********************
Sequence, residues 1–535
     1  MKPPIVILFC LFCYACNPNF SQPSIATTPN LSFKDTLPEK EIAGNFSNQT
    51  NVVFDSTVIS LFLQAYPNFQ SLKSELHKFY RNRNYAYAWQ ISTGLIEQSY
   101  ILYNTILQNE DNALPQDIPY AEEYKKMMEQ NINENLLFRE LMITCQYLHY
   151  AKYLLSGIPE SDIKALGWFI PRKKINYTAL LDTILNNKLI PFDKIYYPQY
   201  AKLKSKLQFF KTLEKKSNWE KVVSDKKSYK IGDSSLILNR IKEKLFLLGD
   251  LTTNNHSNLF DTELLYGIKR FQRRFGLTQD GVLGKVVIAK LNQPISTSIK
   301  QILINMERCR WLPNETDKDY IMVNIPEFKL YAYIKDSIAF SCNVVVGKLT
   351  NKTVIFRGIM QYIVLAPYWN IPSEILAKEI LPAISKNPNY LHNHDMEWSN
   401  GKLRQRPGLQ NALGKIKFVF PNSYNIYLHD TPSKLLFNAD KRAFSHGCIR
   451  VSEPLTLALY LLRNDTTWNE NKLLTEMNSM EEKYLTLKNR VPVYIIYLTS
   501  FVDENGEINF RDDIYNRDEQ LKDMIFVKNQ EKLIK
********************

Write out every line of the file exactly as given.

Sequence, residues 1–535
     1  MKPPIVILFC LFCYACNPNF SQPSIATTPN LSFKDTLPEK EIAGNFSNQT
    51  NVVFDSTVIS LFLQAYPNFQ SLKSELHKFY RNRNYAYAWQ ISTGLIEQSY
   101  ILYNTILQNE DNALPQDIPY AEEYKKMMEQ NINENLLFRE LMITCQYLHY
   151  AKYLLSGIPE SDIKALGWFI PRKKINYTAL LDTILNNKLI PFDKIYYPQY
   201  AKLKSKLQFF KTLEKKSNWE KVVSDKKSYK IGDSSLILNR IKEKLFLLGD
   251  LTTNNHSNLF DTELLYGIKR FQRRFGLTQD GVLGKVVIAK LNQPISTSIK
   301  QILINMERCR WLPNETDKDY IMVNIPEFKL YAYIKDSIAF SCNVVVGKLT
   351  NKTVIFRGIM QYIVLAPYWN IPSEILAKEI LPAISKNPNY LHNHDMEWSN
   401  GKLRQRPGLQ NALGKIKFVF PNSYNIYLHD TPSKLLFNAD KRAFSHGCIR
   451  VSEPLTLALY LLRNDTTWNE NKLLTEMNSM EEKYLTLKNR VPVYIIYLTS
   501  FVDENGEINF RDDIYNRDEQ LKDMIFVKNQ EKLIK